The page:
TINEA (SKIN FUNGUS)
Tinea is a condition caused by skin fungus (usually a species called T. rubrum). When these yeast microbes aren’t kept in check by the body’s natural defenses, they can get out of control and cause a number of unsightly and unpleasant symptoms. For example, the affected area of skin may suffer from itching, redness, pustules, scaliness, oozing lesions, dandruff, and even hair loss. Jock itch, athlete’s foot, and ring worm are all common names for skin fungus depending on the part of the body that is affected. Ringworm is the easiest to recognize with its central patch of apparently clear skin surrounded by a circle of red, inflamed skin. Another version of this fungal rash called tinea versicolor often occurs on the chest and back and appears as white or orange/yellow scaly patches. It tends to be most prevalent in the summer since heavy sweating creates the type of moist environment that help yeasts flourish. All of these fungal skin infections are contagious and can be passed on through direct contact with an infected person or contaminated objects. These rashes are some of the most common skin complaints that lead patients to seek treatment from a dermatologist. They can last for years if they are not treated.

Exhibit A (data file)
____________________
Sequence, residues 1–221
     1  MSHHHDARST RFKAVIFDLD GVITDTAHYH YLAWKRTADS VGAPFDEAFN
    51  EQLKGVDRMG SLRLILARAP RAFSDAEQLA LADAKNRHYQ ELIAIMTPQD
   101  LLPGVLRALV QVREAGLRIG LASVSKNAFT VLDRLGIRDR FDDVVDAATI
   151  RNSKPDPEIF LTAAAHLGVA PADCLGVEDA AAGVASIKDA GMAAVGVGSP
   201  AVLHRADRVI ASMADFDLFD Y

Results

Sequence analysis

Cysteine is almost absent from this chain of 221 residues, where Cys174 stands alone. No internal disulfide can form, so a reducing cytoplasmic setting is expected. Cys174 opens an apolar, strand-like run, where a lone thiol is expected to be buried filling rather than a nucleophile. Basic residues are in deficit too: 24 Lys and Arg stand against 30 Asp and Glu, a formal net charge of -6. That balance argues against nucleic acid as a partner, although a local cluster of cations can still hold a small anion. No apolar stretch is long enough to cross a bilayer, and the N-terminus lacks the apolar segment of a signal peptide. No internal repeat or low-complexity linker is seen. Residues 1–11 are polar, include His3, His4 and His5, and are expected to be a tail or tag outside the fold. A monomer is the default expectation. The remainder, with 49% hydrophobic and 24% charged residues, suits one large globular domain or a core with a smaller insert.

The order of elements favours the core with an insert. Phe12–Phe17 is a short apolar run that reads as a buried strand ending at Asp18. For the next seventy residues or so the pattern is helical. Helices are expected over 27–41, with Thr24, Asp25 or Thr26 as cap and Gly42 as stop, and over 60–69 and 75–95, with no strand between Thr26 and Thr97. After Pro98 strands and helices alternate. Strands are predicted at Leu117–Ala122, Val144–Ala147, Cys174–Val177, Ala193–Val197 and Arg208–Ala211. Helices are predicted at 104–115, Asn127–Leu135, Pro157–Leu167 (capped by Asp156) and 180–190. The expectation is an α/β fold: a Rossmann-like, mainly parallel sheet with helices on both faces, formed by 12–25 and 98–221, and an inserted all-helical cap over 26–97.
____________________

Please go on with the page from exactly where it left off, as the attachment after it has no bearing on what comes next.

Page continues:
The type of treatment recommended depends on the type of fungus involved and where the infection is occurring on the body.
- Topical anti-fungal medications such as Lamasil will often clear fungus from the skin within a few weeks with consistent application.
- Athlete’s foot is usually treated with a medicated powder in all footwear as well to limit re-infection.
- Medicated body washes and shampoos (such as products containing selenium sulfide) may help resolve tinea versicolor and keep it from recurring.
- Fungus in the scalp may be resistant to topical treatment and require the prescription of an oral anti-fungal such as Fluconazole.
- Nail fungus (onychomycosis) is particularly difficult to treat and may require an oral anti-fungal and partial removal of the nail. Full restoration of healthy nail tissue may take up to a year.
Hydrocortisone creams aren’t recommended for tinea because they tend to mask the symptoms without actually eliminating the infection. Some people get recurring fungal infections which may be a sign of an underlying immune system problem. Or, it may simply recur because of continued exposure to moist conditions.
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